With a hit song like ‘Bank Account’, 21 Savage is the perfect cover star for the Get Money issue of Viper. Having aggressively worked his way from the streets of Atlanta to the top of the Billboard Hot 100 charts, several times in fact, his success alone confirms his status as a star. However, on his journey to the top, 21 Savage has evolved not just lyrically, but in philanthropic ways too. In light of his past, 21 is making moves to improve the lives of the youth. He can be pretty conservative with words and when we meet him, we find out he’s definitely not one to give much away. Even his press agent notes, “he’s a man of few words.” So join us as we explore the rapid evolution of one of Atlanta’s biggest rap stars…

First appearing on the scene in 2013, it wasn’t until 2015 that 21 Savage dropped his debut single, ‘Picky’. The track’s chorus sees him boast that he’s “young, dumb and reckless,” a claim made in response to having just bought an $80,000 piece of jewellery. Fast forward five years and he’s matured into a globally famous musician, with two RIAA-certified gold projects and countless platinum singles. Though you could credit Future’s appearance for the exposure, the success had more to do with the chemistry between 21 and his go-to producer, who some would call the father of the new Atlanta trap scene; the incomparable Metro Boomin.

Believing he does his best work when working with just one producer, he says, “Ain’t nothing wrong with multiple producers but if I could, I would [make music] with one because that gives them the chance to give the production their all.”He added, “they’re going to be more motivated to go harder on your project and won’t do that if there are 30 other producers on the album.”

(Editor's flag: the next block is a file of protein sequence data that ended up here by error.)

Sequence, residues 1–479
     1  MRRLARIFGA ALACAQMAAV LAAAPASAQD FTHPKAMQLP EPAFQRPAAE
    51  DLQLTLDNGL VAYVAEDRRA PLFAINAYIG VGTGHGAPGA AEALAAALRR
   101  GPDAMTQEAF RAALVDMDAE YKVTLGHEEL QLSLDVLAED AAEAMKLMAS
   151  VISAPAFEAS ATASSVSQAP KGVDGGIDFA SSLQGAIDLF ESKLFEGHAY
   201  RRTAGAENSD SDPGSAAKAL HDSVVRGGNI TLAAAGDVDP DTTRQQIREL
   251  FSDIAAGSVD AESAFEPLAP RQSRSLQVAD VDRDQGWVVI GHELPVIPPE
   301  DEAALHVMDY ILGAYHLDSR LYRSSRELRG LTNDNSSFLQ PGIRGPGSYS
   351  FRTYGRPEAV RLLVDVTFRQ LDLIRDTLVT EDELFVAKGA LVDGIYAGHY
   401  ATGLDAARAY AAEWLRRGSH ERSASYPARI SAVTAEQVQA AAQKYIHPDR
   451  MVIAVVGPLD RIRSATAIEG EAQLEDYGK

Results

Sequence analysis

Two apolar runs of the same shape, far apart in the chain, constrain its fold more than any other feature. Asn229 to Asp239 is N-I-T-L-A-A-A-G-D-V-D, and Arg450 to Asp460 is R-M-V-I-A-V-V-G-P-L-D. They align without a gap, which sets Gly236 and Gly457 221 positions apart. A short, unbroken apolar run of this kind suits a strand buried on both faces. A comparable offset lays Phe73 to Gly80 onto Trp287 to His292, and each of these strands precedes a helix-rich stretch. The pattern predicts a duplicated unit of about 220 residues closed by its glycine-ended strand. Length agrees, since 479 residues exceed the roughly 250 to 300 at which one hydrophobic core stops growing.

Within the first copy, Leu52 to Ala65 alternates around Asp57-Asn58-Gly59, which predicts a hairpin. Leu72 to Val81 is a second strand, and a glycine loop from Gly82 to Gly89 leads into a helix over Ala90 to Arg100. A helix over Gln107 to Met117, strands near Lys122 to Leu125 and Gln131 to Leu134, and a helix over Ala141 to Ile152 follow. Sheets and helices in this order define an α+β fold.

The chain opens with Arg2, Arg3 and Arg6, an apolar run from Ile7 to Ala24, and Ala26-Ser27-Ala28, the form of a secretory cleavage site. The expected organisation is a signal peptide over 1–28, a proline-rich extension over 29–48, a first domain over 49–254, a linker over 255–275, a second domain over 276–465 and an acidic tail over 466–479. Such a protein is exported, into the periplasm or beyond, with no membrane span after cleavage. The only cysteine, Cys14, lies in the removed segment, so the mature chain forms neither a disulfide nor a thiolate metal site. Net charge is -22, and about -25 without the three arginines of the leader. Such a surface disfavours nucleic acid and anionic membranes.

Savage has established himself in the commercial rap world, appearing on chart-topping singles like Post Malone’s ‘Rockstar’ and Drake’s ‘Sneakin’. However, it’s on his own projects that 21 shines the brightest. His mixtapes, specifically ‘Slaughter Tape’, ‘Savage Mode’ and ‘Slaughter King’, were definitive of the trap scene’s rebirth around 2012. Though he wasn’t the only catalyst, his solo tapes quite succinctly proved that 21’s music packed a punch.

His best work is with the hometown collaborators that know him best. His first mixtape, ‘Free Guwop’, released in 2015, was almost exclusively produced by Sonny Digital. However it was 21’s mixtape with Metro Boomin, ‘Savage Mode’, released a year later, that introduced him to the world. The only feature came from Future on ‘X’, arguably one of the most addictive songs on the tape. Saying that, 21 is most competent on his own and the mixtape’s title track is proof of that. In 2017, the duo followed up ‘Savage Mode’ with ‘Without Warning’ also featuring Offset, plus Quavo on one track. The presence of members of fellow Atlanta-bred, Migos, served to clarify their roles of Migos, Metro and Savage as Trap’s young holy trinity.